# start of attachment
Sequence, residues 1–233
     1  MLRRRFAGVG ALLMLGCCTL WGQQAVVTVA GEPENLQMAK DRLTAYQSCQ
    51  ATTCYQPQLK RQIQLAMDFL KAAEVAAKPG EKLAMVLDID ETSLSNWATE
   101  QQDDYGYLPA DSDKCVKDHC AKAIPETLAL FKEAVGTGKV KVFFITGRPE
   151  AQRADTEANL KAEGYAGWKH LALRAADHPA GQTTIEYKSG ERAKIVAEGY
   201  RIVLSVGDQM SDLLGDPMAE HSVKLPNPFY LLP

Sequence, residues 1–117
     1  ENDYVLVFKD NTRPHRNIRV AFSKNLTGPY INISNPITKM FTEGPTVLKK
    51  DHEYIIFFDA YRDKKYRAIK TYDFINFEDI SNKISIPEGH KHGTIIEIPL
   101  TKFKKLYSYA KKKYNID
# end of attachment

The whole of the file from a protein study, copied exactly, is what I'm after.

Sequence, residues 1–233
     1  MLRRRFAGVG ALLMLGCCTL WGQQAVVTVA GEPENLQMAK DRLTAYQSCQ
    51  ATTCYQPQLK RQIQLAMDFL KAAEVAAKPG EKLAMVLDID ETSLSNWATE
   101  QQDDYGYLPA DSDKCVKDHC AKAIPETLAL FKEAVGTGKV KVFFITGRPE
   151  AQRADTEANL KAEGYAGWKH LALRAADHPA GQTTIEYKSG ERAKIVAEGY
   201  RIVLSVGDQM SDLLGDPMAE HSVKLPNPFY LLP

Sequence, residues 1–117
     1  ENDYVLVFKD NTRPHRNIRV AFSKNLTGPY INISNPITKM FTEGPTVLKK
    51  DHEYIIFFDA YRDKKYRAIK TYDFINFEDI SNKISIPEGH KHGTIIEIPL
   101  TKFKKLYSYA KKKYNID